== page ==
Our guest this week is Tom D’Amato of St. Charles, IL who is a Patient Advocate at Horizon Therapeutics, a company dedicated to delivering medicines for rare, autoimmune and severe inflammatory diseases.
Tom and his wife, Ashley, have been married for 13 years are the proud parents of three, including two of whom have special healthcare needs. Callie has a rare kidney disease, and Brody has Periodic Fever Syndrome, one of only 700 cases worldwide.
Tom also reflects on being diagnosed with Multiple Sclerosis and his own treatment regimen.
We’ll hear all about that and more on this Special Fathers Network Dad to Dad Podcast.
Horizon Therapeutics – https://www.horizontherapeutics.com/company/about-us
HT Patient Advocacy – https://www.horizontherapeutics.com/patients/advocacy/
NORD (National Organization for Rare Disorders) – https://rarediseases.org
Global Genes – https://globalgenes.org
Email Tom at – email@example.com
Tom Couch: Special thanks to Horizon Therapeutics for sponsoring the Special Fathers Network Dad to Dad Podcast. They’re working tirelessly to research, develop, and bring forward medicines for people living with rare and rheumatic diseases. Discover more about Horizon Therapeutics’ mission at horizontherapeutics.com.
Tom D’Amato: We’re all in this together. I wish the world mirrored what the Special Fathers Network does. We could all learn from that, but it’s inspiring. And if one person listens to this podcast, and one person makes a slight tweak to their decisions, and it helps them, every second was worth it.
Tom Couch: That’s our guest this week, Tom D’Amato, who works in patient advocacy at Horizon Therapeutics. Tom and his wife Ashley have three children, two of whom have special needs. Callie has a rare kidney disease, and Brody has periodic fever syndrome, one of only 700 cases in the world. We’ll hear all about their family and more on this Special Fathers Network Dad to Dad Podcast. Say hello to David Hirsch.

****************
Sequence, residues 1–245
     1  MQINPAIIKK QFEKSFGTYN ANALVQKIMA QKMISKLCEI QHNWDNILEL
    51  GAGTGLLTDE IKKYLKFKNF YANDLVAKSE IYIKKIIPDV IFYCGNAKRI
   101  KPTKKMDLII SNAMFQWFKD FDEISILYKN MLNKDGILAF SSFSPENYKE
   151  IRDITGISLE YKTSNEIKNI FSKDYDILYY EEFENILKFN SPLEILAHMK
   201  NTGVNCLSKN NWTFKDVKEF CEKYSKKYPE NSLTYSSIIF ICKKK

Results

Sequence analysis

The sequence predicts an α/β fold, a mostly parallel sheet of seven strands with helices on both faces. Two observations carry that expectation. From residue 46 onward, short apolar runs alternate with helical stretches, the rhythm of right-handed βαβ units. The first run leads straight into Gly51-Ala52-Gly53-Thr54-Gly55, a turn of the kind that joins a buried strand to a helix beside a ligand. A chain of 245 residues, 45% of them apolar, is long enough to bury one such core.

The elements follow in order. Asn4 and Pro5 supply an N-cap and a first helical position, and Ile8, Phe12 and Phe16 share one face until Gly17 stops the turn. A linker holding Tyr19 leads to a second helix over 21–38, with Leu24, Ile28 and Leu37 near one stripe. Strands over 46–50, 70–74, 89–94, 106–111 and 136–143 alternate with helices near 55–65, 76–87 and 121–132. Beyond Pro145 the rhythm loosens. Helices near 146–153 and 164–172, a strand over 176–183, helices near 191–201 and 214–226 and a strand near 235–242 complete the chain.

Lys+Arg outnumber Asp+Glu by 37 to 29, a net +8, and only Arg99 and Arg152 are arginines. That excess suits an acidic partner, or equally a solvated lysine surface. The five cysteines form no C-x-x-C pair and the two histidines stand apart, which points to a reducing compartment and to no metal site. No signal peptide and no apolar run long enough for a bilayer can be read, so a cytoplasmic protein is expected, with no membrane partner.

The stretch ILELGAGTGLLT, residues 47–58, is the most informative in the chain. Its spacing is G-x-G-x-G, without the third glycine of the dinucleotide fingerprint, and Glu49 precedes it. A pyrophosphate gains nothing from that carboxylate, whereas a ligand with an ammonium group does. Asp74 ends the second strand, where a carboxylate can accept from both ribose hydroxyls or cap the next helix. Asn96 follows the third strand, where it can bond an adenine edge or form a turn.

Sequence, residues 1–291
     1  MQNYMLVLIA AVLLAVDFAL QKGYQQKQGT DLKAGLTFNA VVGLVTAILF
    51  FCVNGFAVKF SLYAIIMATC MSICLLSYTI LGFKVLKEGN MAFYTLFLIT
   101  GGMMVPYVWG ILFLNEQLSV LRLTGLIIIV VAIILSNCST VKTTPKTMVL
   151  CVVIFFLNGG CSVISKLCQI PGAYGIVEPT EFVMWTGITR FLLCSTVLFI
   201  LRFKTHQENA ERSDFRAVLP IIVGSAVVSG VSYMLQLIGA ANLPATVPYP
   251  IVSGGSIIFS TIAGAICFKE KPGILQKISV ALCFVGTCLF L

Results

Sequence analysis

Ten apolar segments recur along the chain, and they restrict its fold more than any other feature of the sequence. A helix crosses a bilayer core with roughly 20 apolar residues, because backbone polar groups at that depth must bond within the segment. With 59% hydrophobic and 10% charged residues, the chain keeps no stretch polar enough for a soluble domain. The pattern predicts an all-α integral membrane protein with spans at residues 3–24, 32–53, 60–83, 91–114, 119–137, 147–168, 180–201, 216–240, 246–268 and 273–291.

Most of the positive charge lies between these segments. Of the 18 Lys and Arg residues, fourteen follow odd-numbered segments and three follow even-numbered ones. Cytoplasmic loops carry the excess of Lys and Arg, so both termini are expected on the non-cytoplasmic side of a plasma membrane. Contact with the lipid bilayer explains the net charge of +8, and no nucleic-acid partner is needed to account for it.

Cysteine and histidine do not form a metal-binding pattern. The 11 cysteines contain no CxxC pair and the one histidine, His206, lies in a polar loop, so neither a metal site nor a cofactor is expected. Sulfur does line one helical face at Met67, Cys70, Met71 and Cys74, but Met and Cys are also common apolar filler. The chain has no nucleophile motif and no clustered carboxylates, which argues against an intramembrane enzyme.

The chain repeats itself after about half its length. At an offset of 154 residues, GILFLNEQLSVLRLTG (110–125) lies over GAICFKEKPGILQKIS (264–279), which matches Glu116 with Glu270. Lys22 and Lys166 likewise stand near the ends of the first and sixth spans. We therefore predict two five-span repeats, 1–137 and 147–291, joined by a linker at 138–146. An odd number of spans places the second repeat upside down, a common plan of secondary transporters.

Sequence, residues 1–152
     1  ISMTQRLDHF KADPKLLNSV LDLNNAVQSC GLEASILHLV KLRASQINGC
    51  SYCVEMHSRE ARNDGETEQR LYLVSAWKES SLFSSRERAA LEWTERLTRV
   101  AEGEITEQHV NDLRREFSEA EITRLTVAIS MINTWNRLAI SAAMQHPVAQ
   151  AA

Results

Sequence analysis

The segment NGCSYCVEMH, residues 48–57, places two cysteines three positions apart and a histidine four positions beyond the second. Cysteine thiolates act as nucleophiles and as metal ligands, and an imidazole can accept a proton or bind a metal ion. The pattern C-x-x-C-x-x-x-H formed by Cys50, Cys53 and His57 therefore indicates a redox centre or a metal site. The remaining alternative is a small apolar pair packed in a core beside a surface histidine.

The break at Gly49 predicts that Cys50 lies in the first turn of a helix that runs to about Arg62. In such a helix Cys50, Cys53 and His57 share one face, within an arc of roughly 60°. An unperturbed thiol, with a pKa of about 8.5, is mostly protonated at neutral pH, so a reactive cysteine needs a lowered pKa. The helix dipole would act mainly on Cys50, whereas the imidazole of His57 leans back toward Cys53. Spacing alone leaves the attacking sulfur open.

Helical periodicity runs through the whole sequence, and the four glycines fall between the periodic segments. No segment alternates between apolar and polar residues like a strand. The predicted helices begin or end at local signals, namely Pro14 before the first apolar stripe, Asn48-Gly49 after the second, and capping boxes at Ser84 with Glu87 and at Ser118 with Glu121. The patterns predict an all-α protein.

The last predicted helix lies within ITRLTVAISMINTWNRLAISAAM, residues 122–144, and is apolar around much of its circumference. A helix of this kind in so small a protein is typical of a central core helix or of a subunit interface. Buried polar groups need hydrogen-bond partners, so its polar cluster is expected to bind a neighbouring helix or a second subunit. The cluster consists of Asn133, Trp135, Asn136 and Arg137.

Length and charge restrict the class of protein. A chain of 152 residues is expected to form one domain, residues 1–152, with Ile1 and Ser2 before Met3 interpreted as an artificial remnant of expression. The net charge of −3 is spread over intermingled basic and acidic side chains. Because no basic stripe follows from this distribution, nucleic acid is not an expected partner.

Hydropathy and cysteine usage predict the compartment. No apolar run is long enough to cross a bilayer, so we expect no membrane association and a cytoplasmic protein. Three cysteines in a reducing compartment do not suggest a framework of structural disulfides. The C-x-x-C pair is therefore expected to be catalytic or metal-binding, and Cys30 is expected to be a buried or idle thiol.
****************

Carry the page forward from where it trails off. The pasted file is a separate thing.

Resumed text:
David Hirsch: Hi, and thanks for listening to the Dad to Dad Podcast, fathers mentoring fathers of children with special needs, presented by the Special Fathers Network.
Tom Couch: The Special Fathers Network is a dad to dad mentoring program for fathers raising children with special needs. Through our personalized matching process, new fathers with special needs children connect with mentor fathers in a similar situation. It’s a great way for dads to support dads. To find out more, go to 21stcenturydads.org,
David Hirsch: And if you’re a dad looking for help or would like to offer help, we’d be honored to have you join our closed Facebook group. Please go to facebook.com/groups and search dad to dad.
Tom Couch: And now let’s hear this conversation between Tom D’Amato and David Hirsch.
David Hirsch: I am thrilled to be talking today with Tom D’Amato of St. Charles, Illinois, a father of three who works in patient advocacy at Horizon Therapeutics, a company dedicated to delivering medicines for rare, autoimmune and severe inflammatory diseases. Tom, thank you for taking the time to do a podcast interview for the Special Fathers Network.
Tom D’Amato: Thank you. It’s really excellent to be here. You know, we have recently been exposed to the work that you and the Special Fathers Network has done. It’s been truly impressive and inspirational. So happy to be here today. Thanks, David.
David Hirsch: You and your wife Ashley have been married for 13 years and arethe proud parents of three: Max, 7, Kali, 10, who was born with renal complications, and Brody, 12, who was diagnosed with periodic fever syndrome.
Let’s start with some background. Where did you grow up? Tell me something about your family.
Tom D’Amato: Well, I’m not necessarily the world traveler. I’ve lived in the western suburbs of Chicago my entire life. I moved one town west four times, so I grew up in Addison, made it to Bartlett, and now I’m in St. Charles. My wife would like to move other places, but our families are here, so that’s where we are. So, I grew up in Addison, went to high school and college in Illinois, and we’re happy members of the St. Charles community to raise our kids today.
David Hirsch: That’s fabulous. So there are deep roots there. So I’m sort of curious, did you have any brothers or sisters when you were growing up?
Tom D’Amato: Yeah. I’ve often explained throughout my life, Swiss cheese is the best way to describe my family. My parents were married separately first. Each had a child, divorced, and then remarried. So I have a brother, Nick, who’s 11 years my elder, and a sister, Michelle, who’s 10 years my elder. They live in the Chicagoland area as well.